Note: That's basically my point in the silly meme above. I'll see myself out.
This chart is a sign of the times
An updated analysis from the Rhodium Group consultancy confirms there's a slowdown in the decline of U.S. energy-related carbon emissions.
By the numbers: These emissions fell by 0.66% last year, which they note is half their average rate from 2005 to 2016, when emissions fell by a total of 13.4%, thanks largely to slow energy demand growth plus gas and renewables shoving coal aside in electricity markets.
Why it matters: The chart above shows one reason why progress has slowed, which is that wringing carbon out of the transportation sector, as opposed to electricity, is proving a tougher nut to crack.
One level deeper, via the report:
- "After a pause following the Great Recession, starting in 2012 vehicle usage in the US once again began to increase. Total vehicle miles traveled in the US increased 1.2% in 2017."
- "That’s a slower rate of growth than in 2015 and 2016, but when combined with flattening progress on fuel economy, it was enough to result in a modest emissions increase."
One big idea: EVs can help ride-share drivers
Electrifying the gig economy: A new Rocky Mountain Institute report explores the estimated cost savings for drivers with "transportation network companies" (TNCs) like Uber and Lyft who purchase or rent electric vehicles.
Why it matters: Driving for ride-sharing services is a growing employment sector, and more broadly, the forecasted expansion of electric vehicle deployment is connected in part to their use in shared mobility and autonomous applications.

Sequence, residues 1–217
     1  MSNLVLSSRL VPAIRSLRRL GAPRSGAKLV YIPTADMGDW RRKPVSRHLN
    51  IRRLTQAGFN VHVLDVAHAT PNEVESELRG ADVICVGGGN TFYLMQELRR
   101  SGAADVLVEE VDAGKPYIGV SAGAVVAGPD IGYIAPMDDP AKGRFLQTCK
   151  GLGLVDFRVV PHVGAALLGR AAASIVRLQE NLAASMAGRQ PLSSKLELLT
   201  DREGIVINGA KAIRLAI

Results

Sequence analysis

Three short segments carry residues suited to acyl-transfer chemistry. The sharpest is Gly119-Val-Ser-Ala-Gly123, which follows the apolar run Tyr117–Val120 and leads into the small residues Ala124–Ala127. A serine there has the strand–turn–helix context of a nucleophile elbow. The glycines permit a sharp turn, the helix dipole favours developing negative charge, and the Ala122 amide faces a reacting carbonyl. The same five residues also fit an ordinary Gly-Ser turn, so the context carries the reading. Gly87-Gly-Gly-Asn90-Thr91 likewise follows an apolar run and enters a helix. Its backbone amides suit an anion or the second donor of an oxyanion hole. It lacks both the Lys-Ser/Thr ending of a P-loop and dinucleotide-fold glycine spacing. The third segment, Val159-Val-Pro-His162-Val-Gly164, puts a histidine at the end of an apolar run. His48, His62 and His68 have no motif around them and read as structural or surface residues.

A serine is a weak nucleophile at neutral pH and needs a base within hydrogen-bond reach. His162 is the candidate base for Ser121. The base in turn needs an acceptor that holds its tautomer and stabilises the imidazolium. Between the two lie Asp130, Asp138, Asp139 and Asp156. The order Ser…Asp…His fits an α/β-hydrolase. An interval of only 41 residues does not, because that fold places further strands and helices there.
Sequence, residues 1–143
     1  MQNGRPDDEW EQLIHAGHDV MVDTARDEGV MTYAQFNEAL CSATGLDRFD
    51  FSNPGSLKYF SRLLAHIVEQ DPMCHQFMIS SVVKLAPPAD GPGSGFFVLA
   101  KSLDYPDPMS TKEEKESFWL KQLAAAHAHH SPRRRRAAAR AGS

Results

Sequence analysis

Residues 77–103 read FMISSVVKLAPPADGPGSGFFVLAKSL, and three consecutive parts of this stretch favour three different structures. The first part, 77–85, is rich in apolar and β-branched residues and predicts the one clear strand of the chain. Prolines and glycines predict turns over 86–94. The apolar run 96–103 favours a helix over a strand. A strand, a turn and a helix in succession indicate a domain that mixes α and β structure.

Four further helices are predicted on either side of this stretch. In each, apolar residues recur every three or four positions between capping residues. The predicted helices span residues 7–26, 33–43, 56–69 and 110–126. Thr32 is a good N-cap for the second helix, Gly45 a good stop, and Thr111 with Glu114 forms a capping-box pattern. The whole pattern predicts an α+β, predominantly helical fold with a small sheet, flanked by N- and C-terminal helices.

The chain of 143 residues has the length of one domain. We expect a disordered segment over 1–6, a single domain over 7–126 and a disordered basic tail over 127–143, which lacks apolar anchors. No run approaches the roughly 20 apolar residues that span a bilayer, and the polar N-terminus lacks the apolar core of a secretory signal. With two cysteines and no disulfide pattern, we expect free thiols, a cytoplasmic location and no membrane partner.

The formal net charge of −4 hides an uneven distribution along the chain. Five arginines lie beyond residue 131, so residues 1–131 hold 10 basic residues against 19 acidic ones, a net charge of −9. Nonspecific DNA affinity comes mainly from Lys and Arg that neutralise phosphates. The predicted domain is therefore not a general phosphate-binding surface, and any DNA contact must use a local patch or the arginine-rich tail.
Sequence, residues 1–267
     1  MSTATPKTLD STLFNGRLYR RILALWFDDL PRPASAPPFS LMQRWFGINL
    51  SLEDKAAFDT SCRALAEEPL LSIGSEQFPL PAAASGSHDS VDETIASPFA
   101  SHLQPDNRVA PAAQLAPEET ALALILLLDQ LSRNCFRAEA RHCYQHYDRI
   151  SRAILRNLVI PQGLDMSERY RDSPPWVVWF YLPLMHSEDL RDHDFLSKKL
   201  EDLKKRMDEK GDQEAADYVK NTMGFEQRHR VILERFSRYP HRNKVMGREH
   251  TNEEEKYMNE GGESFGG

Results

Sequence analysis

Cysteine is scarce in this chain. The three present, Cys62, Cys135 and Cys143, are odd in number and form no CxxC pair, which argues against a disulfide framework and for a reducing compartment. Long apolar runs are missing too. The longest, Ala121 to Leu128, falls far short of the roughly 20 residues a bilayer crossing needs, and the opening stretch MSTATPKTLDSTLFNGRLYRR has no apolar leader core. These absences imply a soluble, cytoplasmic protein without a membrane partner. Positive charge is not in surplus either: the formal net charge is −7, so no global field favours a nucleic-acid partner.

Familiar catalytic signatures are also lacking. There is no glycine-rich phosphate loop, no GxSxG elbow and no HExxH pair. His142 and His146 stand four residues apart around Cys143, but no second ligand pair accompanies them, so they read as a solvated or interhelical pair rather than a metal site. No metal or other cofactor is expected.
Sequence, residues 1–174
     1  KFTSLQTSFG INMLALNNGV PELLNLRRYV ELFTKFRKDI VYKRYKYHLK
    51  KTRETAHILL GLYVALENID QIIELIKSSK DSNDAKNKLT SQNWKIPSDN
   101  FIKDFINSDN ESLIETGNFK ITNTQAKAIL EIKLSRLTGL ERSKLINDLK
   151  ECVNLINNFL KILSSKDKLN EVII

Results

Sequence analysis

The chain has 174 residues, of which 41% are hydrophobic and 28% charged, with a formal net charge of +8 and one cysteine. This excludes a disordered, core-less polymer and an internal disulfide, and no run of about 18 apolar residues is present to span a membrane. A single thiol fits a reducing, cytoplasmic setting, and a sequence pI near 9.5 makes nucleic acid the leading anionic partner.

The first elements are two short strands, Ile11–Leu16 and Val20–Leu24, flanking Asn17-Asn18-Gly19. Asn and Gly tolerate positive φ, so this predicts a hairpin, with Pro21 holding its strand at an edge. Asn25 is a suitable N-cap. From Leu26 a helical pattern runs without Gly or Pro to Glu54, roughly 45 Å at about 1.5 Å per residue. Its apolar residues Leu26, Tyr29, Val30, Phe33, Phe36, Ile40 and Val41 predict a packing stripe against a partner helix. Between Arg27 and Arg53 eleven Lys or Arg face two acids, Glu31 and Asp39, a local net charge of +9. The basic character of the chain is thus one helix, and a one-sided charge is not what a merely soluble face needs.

What they found: Despite generally higher upfront costs of EVs, highly active TNC drivers, who puts lots of miles on their cars, can see substantial benefits thanks to lower maintenance costs and not buying gasoline.
- "Based on our calculations, full-time TNC drivers working 50 hours a week can save an average of $5,200 per year in total vehicle expenses with an EV as compared to a typical gas vehicle," the report states.
Check out the chart above: About half that savings comes in avoided fuel costs, and the other half from lower maintenance needs.
On my screen: Exxon, Shell, Tesla
Exxon: As my colleague Khorri Atkinson noted in the Axios stream, a federal judge in New York Thursday dismissed a lawsuit by ExxonMobil seeking to halt a probe by New York and Massachusetts into whether the oil and gas giant had lied to investors and the public about its knowledge of climate change.
- The company had sued the states in 2016 after they subpoenaed documents regarding Exxon's research into fossil fuels' role in climate change.
- Why it matters, per Axios’ Amy Harder: This move likely ensures there will eventually be discovery in the lawsuit where Exxon documents are disclosed, which would shed a lot of light — and headlines — on what Exxon really knew about climate change over the past decades.
- The AP reports that Exxon says it's reviewing the ruling and evaluating its next steps.
Shell: The Wall Street Journal has an informative feature about the company's moves in the power and EV space, noting the oil-and-gas behemoth has a "long-term plan to marry its huge natural-gas output with a futuristic utility business."
Back to Exxon: Via AP, "An anti-corruption group says Exxon Mobil bought rights to drill in an area off the coast of West Africa despite its concerns about possible corruption."
Tesla: The company's rough patch got rougher still with the news, via Bloomberg, that Tesla is "recalling all Model S cars built before April 2016 to retrofit a power-steering component as the company caps its worst one-month performance in the stock market since December 2010."
- The recall affects roughly 123,000 cars worldwide, they report.
Part 3: About that tweet
One more thing about the FirstEnergy request: The Energy Department provided some food for thought yesterday when Perry's Twitter account "liked" a Bloomberg reporter's tweet about the company's request.
Yes, but: DOE tells Axios that it's not what it appears.